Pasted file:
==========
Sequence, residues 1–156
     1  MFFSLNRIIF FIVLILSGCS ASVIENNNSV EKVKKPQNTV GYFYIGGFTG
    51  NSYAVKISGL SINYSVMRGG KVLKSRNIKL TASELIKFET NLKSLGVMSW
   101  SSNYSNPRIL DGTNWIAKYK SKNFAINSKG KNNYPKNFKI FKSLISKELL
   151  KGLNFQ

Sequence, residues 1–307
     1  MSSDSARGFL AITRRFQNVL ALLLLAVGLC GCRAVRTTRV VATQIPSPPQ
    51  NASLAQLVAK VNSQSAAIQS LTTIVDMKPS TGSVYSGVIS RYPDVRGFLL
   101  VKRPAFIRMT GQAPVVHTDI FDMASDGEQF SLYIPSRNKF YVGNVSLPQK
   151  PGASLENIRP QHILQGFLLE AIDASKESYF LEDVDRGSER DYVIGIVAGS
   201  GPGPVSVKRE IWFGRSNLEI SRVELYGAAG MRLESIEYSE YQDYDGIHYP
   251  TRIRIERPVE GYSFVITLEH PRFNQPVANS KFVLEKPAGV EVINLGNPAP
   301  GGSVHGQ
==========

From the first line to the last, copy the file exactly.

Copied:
Sequence, residues 1–156
     1  MFFSLNRIIF FIVLILSGCS ASVIENNNSV EKVKKPQNTV GYFYIGGFTG
    51  NSYAVKISGL SINYSVMRGG KVLKSRNIKL TASELIKFET NLKSLGVMSW
   101  SSNYSNPRIL DGTNWIAKYK SKNFAINSKG KNNYPKNFKI FKSLISKELL
   151  KGLNFQ

Sequence, residues 1–307
     1  MSSDSARGFL AITRRFQNVL ALLLLAVGLC GCRAVRTTRV VATQIPSPPQ
    51  NASLAQLVAK VNSQSAAIQS LTTIVDMKPS TGSVYSGVIS RYPDVRGFLL
   101  VKRPAFIRMT GQAPVVHTDI FDMASDGEQF SLYIPSRNKF YVGNVSLPQK
   151  PGASLENIRP QHILQGFLLE AIDASKESYF LEDVDRGSER DYVIGIVAGS
   201  GPGPVSVKRE IWFGRSNLEI SRVELYGAAG MRLESIEYSE YQDYDGIHYP
   251  TRIRIERPVE GYSFVITLEH PRFNQPVANS KFVLEKPAGV EVINLGNPAP
   301  GGSVHGQ